These are tough times these days as people stay home from work and school to protect themselves and others from the COVID-19 virus pandemic. How can people deal with being socially isolated and confined to their homes? There are only so many books to read and movies to watch before boredom and antsy-ness set in.

Yes, there are cleaning and organizing projects to do and skis to wax and bikes to clean and lubricate, but will that sustain you for two weeks or more? Not me — I have to get outside!

Fortunately, with spring just arriving, the weather is improving and it’s easier to go for walks, runs, snowshoes, and skis. Fresh air and sunshine do wonders for the soul and body. Outdoors, you can see other people, but still maintain your 6-foot distance. You can hear other people laugh and watch dogs romp in the snow. Birds are flying and flitting everywhere, singing their spring songs. Footprints in the snow let you know bears are moving around, too.

Set aside some time every day to get yourself and your kids outside. Go for a walk, hike or bike and look for those signs of spring. If you still have snow, put on snowshoes, boots or skis and head to the woods. Just being outside will help everyone feel better and happier. Make it a part of your daily routine.

Now that all alpine areas have closed out of precaution for spreading the virus, there’s no more downhill skiing to be had, but adventurous souls might try skinning up, skiing down. Most Nordic/cross-country areas are also closed, but Bear Notch Ski Touring and Jackson Ski Touring still have groomed trails open, but their centers are closed. There are no rentals, ski lessons or ticket sales available. Season pass holders or those using honor system or giving online donations are welcome to use the trails.

Monday, I didn’t have work, so I took the opportunity to drive up to Jackson’s Prospect Farm to ski as much as I could. The parking lot was almost full midday, but I found a spot. Happy people and dogs were everywhere. I grabbed my skate skis and hit the trails. The coverage was fantastic, the sun was warming, and I was out in fresh air! It was a sure cure for cabin fever and self-isolation!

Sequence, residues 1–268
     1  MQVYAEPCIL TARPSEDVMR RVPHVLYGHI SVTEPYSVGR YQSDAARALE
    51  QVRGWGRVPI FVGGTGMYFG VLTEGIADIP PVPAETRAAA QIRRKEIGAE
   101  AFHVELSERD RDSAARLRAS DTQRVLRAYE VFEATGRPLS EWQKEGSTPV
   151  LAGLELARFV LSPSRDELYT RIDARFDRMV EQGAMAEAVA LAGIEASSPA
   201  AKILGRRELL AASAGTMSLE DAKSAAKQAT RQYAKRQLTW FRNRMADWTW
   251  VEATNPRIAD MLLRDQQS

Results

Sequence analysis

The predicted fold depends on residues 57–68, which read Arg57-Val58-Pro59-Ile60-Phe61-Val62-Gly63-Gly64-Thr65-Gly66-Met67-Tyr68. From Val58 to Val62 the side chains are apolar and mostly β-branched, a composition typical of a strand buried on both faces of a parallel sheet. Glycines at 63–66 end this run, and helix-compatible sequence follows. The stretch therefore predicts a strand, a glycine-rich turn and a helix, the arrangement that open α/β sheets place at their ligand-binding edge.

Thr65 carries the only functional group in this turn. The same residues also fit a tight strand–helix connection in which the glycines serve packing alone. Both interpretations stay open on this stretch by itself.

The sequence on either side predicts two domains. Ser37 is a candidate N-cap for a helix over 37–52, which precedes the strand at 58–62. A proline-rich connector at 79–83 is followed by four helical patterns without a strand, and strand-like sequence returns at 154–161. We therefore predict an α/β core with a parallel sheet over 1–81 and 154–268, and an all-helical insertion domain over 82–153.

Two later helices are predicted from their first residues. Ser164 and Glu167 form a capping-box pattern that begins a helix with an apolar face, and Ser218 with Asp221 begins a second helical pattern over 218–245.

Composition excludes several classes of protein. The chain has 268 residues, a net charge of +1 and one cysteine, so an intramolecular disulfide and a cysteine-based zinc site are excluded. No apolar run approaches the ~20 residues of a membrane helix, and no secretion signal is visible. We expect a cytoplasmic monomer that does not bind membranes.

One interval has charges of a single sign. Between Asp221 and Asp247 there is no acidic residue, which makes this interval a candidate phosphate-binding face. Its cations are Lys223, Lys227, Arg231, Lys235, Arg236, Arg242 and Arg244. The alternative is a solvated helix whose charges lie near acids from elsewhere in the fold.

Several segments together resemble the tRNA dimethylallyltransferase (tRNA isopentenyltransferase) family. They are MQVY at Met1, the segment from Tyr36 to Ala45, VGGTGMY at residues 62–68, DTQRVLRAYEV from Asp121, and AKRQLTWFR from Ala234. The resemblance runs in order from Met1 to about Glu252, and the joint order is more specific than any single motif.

Last weekend, I found enough snow on local trails to patch together an afternoon ski. In some places, I was on ice, in others, I walked across bare ground, but for the most part, I was skiing on snow. It’ll probably be my last ski there for the season, so I made the best of it and enjoyed being outside.

Wednesday we walked on Potter Road at the south end of Conway Lake. We were following Mary Holland’s advice to “look for signs of spring.” We didn’t see many — a few birds flitting from tree to tree, a chipmunk scampering across the snow. But, then Peter spotted a sure spring sign — trailing arbutus plants on Snow Brook’s bank.

Mud piles on the snow told us beavers were moving around, too. They constructed these scent mounds of mud, debris and castoreum, a urine-based substance, to mark the borders of their territory.

Skinny tire tracks on the muddy road showed us someone had been out riding a bike. Human and dog footprints told us others had walked here, too. Deer tracks in the snow, coming down the hillside and heading toward the stream, let us know other animals were moving about as the weather got warmer.

The hardest part of staying home is not seeing your friends and family. We can only “Facetime” our grandchildren and call or email friends. It’s not quite the same as physical contact and hugs, but it’ll have to do for now. At least we can keep in “touch.”

Friends are e-mailing book title suggestions, recipes and even bad jokes. I guess we’re all in this together — nobody’s immune. The best we can do is keep ourselves healthy and busy while we wait for the curve to flatten.

The best way to stay healthy and sane is to get outdoors. Change your scenery, breathe fresh air, stimulate your senses and exercise your joints. Schedule daily outings for you and your kids. Explore the woods, ride your bikes, play in the yard. This forced “vacation” from everyday life is an opportunity to spend quality time together with your family. Make the most of it.

I hope everyone is doing well and adjusting to this new regime. Hopefully, in the future, we’ll be past this pandemic and will be able to be with each other again, working, teaching, learning and playing together. Hang in there. Announcements

Due to health concerns, the following upcoming events have been cancelled: Mount Washington Valley Bicycling Club’s Spring Meeting, scheduled for April 9, has been cancelled. MWVBC’s Kids’ Bike Safety Day at Story Land, Saturday, May 9 has been cancelled. Other events like Crank the Kanc, slated for Saturday, May 16, are still up in the air. Check the website often.

Sally McMurdo is currently a cross-country ski instructor at Jackson Ski Touring Foundation. For almost four decades, she has explored New England’s groomed and ungroomed trails on all kinds of skis.

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